I had my first full auto experience this weekend with a short barreled m4 and my 30 round group all fell into an eight inch circle at 15 yards with only 2 fliers.

  3. With practice there is no reason not to hold a full auto mag dump on a silhouette at reasonable distances (15 yards or there abouts) and large portions of it much further out. That said, you found the sweetness of select fire already, it’s in controlled bursts. If the sights are on for the first round you’ll likely get 2 or 3 hits for your trigger pull and that’s the real power of it. . . multiple rapid hits.

    Of course the down side is it eats ammo at an alarming rate and it’s nearly impossible to keep up with how much is left in the magazine. It’s one of those things that’s really for suppression and movement, sometimes useful at close range and the rest of the time just sort of there, that position one click past the 2 you actually use.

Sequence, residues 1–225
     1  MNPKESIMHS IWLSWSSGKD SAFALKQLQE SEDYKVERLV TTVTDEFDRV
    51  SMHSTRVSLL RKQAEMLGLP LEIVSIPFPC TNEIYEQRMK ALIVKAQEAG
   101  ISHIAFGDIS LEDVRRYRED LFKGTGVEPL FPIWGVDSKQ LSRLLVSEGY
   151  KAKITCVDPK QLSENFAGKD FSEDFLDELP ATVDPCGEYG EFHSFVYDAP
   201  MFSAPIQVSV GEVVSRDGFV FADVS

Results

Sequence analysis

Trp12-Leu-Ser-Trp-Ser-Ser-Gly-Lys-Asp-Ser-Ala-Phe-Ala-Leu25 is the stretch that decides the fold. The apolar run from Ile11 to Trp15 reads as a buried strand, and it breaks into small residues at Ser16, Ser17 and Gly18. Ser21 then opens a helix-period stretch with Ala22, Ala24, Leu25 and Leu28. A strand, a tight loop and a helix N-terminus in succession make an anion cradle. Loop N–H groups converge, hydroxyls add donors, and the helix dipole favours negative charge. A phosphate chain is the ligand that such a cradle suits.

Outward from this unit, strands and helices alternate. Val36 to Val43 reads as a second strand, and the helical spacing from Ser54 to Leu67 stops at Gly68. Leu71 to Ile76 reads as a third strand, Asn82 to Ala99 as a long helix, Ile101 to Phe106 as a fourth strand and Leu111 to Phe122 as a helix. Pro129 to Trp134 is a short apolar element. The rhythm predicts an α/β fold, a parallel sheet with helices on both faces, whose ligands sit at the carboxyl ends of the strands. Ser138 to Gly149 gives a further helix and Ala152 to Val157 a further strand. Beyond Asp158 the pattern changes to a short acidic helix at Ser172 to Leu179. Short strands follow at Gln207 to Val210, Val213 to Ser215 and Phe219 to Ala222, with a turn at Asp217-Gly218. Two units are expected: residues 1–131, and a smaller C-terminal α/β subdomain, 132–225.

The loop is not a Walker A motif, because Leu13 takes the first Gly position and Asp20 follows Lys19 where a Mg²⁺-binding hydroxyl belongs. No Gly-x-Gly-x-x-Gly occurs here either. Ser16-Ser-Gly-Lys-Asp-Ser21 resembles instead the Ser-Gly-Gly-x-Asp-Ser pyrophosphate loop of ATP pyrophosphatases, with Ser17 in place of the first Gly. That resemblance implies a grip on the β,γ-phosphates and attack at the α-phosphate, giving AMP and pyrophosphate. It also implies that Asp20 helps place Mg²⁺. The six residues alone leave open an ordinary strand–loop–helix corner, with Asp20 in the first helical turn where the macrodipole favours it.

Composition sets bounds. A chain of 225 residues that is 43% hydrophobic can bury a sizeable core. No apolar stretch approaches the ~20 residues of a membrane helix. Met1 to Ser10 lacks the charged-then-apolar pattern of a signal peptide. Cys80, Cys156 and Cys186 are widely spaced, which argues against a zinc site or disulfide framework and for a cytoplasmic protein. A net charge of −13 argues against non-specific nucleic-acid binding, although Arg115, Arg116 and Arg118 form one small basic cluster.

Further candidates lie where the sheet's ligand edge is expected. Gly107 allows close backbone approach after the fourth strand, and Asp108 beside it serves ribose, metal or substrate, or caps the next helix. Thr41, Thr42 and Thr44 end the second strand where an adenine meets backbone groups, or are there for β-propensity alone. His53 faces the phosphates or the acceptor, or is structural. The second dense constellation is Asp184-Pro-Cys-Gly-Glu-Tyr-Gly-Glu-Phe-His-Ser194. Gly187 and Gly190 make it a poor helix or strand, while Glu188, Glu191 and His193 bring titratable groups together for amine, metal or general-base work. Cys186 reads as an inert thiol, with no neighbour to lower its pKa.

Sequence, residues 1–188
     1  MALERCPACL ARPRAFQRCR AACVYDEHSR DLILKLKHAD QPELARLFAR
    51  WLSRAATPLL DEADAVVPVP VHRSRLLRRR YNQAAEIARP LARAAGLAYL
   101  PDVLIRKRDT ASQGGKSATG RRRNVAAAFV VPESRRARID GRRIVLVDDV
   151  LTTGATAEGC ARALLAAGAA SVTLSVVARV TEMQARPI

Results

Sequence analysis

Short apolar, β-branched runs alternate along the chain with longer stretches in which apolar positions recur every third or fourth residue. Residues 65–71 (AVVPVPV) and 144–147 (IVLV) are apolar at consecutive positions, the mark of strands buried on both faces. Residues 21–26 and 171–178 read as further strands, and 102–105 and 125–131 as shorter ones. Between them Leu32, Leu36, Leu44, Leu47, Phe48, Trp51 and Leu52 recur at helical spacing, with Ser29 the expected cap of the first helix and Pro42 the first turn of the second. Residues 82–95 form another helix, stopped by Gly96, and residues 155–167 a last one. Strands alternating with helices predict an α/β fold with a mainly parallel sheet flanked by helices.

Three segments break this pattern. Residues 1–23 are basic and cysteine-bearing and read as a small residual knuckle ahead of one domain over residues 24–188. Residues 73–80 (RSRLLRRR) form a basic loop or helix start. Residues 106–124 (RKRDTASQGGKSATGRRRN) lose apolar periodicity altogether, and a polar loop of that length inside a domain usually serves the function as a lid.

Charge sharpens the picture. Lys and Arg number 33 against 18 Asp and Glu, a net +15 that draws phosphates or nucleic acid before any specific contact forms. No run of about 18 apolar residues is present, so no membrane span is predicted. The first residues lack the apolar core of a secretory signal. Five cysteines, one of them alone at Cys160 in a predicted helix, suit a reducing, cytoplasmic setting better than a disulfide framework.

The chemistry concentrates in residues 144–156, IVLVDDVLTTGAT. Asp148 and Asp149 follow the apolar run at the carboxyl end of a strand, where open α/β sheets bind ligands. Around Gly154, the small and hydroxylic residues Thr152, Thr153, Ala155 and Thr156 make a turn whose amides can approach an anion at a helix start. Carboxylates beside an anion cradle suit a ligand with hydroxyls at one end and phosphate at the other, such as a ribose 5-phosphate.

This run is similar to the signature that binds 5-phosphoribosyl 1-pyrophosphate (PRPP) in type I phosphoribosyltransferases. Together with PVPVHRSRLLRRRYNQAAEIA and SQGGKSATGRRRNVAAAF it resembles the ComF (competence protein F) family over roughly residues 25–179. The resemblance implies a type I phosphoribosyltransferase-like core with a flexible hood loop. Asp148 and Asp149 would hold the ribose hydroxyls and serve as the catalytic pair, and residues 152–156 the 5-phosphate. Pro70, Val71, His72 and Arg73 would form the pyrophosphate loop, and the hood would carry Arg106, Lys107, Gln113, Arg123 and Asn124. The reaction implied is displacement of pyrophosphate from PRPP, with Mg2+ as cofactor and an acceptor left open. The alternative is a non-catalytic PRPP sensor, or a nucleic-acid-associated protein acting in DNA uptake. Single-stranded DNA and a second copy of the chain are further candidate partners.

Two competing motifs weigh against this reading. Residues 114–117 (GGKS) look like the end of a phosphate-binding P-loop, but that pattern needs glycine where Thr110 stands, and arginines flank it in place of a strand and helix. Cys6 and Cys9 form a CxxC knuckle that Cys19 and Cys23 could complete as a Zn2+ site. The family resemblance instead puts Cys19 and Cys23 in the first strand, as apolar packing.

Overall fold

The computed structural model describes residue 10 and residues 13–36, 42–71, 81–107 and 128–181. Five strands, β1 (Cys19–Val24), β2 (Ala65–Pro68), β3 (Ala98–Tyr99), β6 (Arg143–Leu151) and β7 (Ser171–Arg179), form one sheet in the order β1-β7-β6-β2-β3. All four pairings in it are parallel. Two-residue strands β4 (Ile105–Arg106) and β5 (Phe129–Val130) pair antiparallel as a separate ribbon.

Oh, and it’s called a ‘giggle switch’ for a reason! 🙂

  4. having shot my first M16 recently, i was decently suprised at how controllable it is. burst fire is easy to keep within the A group of that competition target (not sure if IDPA/IPSC/USPSA, were not my targets) just through the irons with all the gas in my face too.

    here is a short video of it.

    http://youtu.be/qrvoR-DY_xE